Highest Astronomical Tide

The highest high tide is referred to as the Highest Astronomical Tide (HAT), and is defined as the highest level which can be predicted to occur under average meteorological conditions and any combination of astronomical conditions.

 

In Australia HAT is calculated as the highest level from tide predictions over the tidal datum epoch (TDE), this is currently set to 1992 to 2011.
The HAT and the Lowest Astronomical Tide (LAT) levels will not be reached every year. LAT and HAT are not the extreme water levels which can be reached, as storm surges may cause considerably higher and lower levels to occur.

 

 

See Tidal Range

The Highest Astronomical Tide (HAT) has been determined at places where there has been an operational tide gauge at some point in time. Generally HAT is well defined at Standard ports where there is or has been a long term tide gauge. 

Queensland HAT

Site Highest Astronomical Tide (HAT) Reference level (datum)
Gold Coast Seaway 1.91 LAT
Brisbane Bar 2.73 LAT
Mooloolaba 2.17 LAT
Noosa Head 2.28 LAT
Waddy Point (Fraser Island) 2.37 LAT
Urangan 4.28 LAT
Bundaberg (Burnett Heads) 3.67 LAT
Gladstone 4.83 LAT
Port Alma 5.98 LAT
Rosslyn Bay 5.14 LAT
Hay Point 7.14 LAT
Mackay Outer Harbour 6.58 LAT
Bugatti Reef 3.50 LAT
Shute Harbour 4.33 LAT
Bowen 3.73 LAT
Abbot Point 3.60 LAT
Cape Ferguson 3.84 LAT
Townsville 4.11 LAT
Lucinda (Offshore)  3.96 LAT
Clump Point 3.62 LAT
Mourilyan Harbour 3.50 LAT
Cairns 3.50 LAT
Port Douglas 3.36 LAT
Leggatt Island 3.40 LAT
Thursday Island 3.86 LAT
Goods Island 4.07 LAT
Booby Island 4.31 LAT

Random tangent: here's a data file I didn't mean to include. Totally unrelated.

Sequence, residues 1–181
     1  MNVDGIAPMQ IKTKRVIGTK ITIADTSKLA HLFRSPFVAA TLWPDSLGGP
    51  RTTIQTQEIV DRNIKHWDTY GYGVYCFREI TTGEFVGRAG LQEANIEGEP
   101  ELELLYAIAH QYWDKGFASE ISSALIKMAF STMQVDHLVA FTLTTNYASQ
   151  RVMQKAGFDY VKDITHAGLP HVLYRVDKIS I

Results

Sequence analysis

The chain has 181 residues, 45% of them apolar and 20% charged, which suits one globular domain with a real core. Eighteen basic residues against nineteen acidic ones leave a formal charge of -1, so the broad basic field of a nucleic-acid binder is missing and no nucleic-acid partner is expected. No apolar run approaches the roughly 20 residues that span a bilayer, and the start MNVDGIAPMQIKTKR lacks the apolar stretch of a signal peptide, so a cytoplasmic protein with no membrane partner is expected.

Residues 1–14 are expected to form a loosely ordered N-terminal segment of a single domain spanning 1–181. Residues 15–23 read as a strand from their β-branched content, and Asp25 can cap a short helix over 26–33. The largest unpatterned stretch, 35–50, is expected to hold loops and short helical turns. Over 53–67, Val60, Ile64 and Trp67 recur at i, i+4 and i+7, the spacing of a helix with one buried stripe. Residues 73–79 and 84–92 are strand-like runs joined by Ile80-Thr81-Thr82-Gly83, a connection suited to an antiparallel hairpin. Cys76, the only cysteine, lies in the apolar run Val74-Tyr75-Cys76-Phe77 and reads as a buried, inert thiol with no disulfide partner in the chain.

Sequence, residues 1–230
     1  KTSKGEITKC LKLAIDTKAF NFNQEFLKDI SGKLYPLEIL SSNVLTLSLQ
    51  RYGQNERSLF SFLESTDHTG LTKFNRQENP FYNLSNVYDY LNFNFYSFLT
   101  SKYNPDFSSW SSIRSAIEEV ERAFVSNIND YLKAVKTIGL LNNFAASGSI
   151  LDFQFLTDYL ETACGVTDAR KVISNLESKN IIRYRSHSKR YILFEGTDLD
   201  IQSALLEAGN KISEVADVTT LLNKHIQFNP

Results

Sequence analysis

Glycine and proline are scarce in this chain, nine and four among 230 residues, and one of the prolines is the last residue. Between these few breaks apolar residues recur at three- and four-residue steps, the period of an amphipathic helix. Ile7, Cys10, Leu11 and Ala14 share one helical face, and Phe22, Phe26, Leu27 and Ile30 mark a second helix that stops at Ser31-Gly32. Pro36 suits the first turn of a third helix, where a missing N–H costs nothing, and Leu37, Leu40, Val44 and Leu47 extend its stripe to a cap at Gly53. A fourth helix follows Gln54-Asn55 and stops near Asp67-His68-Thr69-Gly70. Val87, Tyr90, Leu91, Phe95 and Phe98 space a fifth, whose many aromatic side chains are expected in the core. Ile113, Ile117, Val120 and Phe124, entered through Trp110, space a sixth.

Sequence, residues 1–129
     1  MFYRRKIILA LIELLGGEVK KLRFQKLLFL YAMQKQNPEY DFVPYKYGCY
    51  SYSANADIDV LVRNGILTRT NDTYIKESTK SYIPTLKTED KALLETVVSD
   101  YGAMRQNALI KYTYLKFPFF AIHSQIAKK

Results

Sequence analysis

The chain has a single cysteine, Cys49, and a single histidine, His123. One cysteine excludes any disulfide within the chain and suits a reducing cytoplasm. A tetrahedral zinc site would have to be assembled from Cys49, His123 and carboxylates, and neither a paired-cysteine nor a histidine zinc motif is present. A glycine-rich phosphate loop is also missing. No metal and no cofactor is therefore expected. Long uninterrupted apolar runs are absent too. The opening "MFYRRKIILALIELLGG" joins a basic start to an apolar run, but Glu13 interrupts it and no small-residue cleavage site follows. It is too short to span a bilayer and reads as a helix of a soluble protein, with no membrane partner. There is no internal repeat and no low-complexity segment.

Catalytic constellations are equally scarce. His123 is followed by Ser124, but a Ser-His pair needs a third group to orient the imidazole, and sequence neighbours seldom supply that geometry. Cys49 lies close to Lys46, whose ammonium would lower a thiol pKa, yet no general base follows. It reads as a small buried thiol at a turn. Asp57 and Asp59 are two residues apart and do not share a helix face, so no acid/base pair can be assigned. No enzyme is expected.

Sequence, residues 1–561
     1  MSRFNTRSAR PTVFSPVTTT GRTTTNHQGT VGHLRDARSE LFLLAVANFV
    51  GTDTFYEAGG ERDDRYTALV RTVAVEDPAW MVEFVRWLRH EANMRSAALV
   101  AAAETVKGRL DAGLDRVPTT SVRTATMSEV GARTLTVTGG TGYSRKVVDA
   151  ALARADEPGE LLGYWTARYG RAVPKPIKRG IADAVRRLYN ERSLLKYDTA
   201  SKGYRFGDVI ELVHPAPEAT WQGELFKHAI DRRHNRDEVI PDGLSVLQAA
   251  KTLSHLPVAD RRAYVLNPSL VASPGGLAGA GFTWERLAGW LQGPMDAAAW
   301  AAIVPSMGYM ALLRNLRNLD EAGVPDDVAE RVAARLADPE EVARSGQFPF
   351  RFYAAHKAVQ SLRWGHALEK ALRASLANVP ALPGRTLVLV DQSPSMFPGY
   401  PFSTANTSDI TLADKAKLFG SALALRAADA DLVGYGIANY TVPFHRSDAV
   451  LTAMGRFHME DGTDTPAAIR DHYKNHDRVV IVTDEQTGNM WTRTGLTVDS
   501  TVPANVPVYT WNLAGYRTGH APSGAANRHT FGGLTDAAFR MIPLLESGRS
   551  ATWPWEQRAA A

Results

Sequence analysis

Weipa (Humbug Point)  3.38 LAT
Karumba 4.88 LAT
Mornington Island 3.87 LAT

Resources:

HAT for Queensland is from: http://www.msq.qld.gov.au/Tides/Tidal-planes © The State of Queensland (Department of Transport and Main Roads) 2016.

Marine Science News

Long-term monitoring update to condition of the Great Barrier Reef

Feeling helpless about the Great Barrier Reef? Here’s one way you can help

Exceptional fish diversity found on Australia’s north-west oceanic shoals

More intense cyclones pose threat to the world’s coral reefs

Shark study reveals taste buds were key to evolution of teeth

Marine Science facts

  •  Irukandji jelly fish, with just a brush of venom leaves almost no mark. But after about a half hour you develop Irukandji syndrome, a debilitating mix of nausea, vomiting, severe pain, difficulty breathing, drenching sweating and sense of impending doom. You get so sick that your biggest worry is that you’re not going to die

 

  • Half the Oxygen we breath is produced in the Ocean

 

  • The most remote point in the oceans is called Point Nemo

 

  • The Pacific, Atlantic, and Indian oceans are known as the three major oceans.